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Everything in its Place

horror by Aaron Polson

The mail boxes were labeled wrong.

That was the first hint that Lucey should have canceled her reservation at El Hotel de la Trampa. She wasn’t too fond of other aspects of the lobby, either: — cheap candy in gaudy foil wrappers sat in a glass fish bowl on the counter, the strange man on the sofa who kept looking at her.

“Can I help you?”

Lucey’s attention shifted to the clerk.

“Oh. Sorry … I was …” Lucey forced a smile. “I need to check in.”

The man opened the guest book and pushed a pen across the counter.


“Yes. Harrison. Lucey Harrison.”

He turned to the mailboxes, but looked over his shoulder.

“What is it you do, Señora?”

“Oh … I’m not married. Why do you …” Lucey’s eyebrows knit together. “Well, I work with books.”

The clerk’s brown eyes burned into hers. “A teacher?” His hand slid into one of the boxes, fishing for the key.

“No. A librarian. Only an assistant, really.”

His hand stopped, crept out of the box, and plunged into another labeled with a ‘G’. “Si.” He moved to the counter and dropped a heavy brass-colored key.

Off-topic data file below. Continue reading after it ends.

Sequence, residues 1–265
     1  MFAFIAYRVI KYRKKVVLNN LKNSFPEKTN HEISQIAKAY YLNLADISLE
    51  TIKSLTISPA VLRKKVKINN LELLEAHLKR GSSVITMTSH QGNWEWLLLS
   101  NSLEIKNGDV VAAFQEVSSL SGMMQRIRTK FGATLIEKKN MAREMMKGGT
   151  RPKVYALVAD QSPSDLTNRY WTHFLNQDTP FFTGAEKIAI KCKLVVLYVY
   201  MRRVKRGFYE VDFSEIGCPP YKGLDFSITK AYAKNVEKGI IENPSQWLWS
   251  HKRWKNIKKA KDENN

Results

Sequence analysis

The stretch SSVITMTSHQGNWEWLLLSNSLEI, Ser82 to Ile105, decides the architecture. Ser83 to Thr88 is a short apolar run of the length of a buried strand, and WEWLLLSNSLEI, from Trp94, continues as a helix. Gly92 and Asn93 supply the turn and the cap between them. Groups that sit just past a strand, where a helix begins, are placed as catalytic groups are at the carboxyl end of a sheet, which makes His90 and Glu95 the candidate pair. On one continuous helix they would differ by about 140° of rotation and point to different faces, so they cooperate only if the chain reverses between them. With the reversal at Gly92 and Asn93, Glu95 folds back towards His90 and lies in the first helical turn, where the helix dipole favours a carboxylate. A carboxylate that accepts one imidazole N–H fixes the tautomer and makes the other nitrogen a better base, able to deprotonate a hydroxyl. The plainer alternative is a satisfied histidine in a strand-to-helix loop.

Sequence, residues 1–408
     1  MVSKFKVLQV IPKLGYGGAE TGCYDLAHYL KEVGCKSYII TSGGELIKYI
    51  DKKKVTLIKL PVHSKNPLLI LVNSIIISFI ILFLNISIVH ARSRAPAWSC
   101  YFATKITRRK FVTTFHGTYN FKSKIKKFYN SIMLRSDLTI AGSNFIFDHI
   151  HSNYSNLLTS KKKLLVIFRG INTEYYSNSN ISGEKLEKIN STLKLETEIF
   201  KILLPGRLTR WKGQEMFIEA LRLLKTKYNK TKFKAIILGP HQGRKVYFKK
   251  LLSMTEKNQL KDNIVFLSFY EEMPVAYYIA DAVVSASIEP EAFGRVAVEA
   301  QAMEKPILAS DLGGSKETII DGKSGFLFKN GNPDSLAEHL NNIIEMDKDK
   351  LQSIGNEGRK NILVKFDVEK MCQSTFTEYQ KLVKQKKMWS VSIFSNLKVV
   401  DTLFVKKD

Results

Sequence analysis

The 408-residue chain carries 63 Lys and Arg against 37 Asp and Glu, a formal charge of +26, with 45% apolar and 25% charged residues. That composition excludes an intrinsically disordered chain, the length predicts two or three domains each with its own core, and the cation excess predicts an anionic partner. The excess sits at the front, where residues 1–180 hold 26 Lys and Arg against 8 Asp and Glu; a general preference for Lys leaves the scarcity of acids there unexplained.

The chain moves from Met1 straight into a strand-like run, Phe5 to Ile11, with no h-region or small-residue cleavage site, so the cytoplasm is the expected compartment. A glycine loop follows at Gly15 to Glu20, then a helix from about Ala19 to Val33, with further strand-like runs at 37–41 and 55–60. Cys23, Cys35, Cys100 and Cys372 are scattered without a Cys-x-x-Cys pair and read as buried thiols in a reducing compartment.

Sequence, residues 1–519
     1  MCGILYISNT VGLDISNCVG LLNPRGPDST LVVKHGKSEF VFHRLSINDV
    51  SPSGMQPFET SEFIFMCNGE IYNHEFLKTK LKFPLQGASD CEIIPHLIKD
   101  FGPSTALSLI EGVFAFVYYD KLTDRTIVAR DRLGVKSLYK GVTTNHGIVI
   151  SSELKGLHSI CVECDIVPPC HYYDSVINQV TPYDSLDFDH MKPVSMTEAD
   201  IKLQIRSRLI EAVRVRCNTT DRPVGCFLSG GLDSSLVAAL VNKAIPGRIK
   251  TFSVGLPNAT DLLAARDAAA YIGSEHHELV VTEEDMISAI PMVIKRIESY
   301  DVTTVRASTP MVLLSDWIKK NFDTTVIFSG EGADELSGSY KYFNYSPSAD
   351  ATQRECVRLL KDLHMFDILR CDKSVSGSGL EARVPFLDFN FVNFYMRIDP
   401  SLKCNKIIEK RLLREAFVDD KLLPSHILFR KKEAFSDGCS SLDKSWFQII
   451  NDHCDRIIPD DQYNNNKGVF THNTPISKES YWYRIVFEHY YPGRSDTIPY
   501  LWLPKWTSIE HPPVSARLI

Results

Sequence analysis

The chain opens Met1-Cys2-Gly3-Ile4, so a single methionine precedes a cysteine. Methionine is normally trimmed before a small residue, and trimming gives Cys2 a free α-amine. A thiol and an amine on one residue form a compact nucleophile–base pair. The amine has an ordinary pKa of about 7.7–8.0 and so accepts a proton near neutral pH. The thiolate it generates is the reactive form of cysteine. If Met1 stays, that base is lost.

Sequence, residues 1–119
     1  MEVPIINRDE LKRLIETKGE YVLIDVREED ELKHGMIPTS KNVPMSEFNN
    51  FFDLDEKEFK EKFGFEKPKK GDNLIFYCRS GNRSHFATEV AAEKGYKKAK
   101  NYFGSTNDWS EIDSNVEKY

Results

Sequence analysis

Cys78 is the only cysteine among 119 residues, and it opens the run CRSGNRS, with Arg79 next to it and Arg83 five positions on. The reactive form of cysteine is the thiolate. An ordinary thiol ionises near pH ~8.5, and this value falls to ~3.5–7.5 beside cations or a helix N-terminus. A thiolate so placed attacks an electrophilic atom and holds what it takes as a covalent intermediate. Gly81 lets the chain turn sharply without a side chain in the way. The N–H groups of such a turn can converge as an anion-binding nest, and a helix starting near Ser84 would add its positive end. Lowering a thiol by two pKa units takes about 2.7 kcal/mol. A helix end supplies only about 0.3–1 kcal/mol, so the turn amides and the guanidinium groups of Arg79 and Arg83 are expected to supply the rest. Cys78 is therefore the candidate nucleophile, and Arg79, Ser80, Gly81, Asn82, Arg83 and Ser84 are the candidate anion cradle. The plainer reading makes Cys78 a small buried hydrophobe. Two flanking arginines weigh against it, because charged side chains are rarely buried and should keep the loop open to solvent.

“Your room. Second floor.” With a nod to her bags, he asked, “Would you like some help?”

Lucey took the key and shook her head. Her peripheral vision caught the face of the man on the lobby sofa. Was he watching her?


“No, I’m fine. Second floor?”

The clerk smiled, showing a mouth of teeth mismatched and yellow.

Maybe next time I won’t travel on the cheap, Lucey thought.


Lucey avoided the elevator and took the stairs. As she opened the door to the second floor hallway, a shadow moved at the end of the hall, perhaps someone entering their room. Goosebumps crawled up her arms. She read the key, simply labeled G, and felt the grooves of the embossed letter.

The first door on the right was labeled ‘H’. On the left she found the letter ‘A’. She walked further, dragging her suitcase across the worn carpet. Room designations descended on the left in alphabetically order, but ‘G’ came directly after ‘E’. Lucey felt the blood in her face.

“Disorder and chaos. Not very helpful at all,” she mumbled.

Her key slid into the lock, but would not open the door.

“Wait a second …”

The door was clearly labeled with a ‘G’ — a brass letter screwed to the center of the door. She touched it, and then tried the key again. Nothing.

Lucey shook her head at the thought of asking the clerk for help. The door was scratched around the brass letter. Maybe a prank, she thought. From the left side of the hall, Lucey counted seven doors. She was at the sixth.

With a soft click, the key slid into the lock of the seventh door. Lucey turned the knob, and pushed inside. The air was cool and clean. She worried about moldy smells or the lingering odor of tobacco after seeing the state of the lobby, but all seemed in order. Good.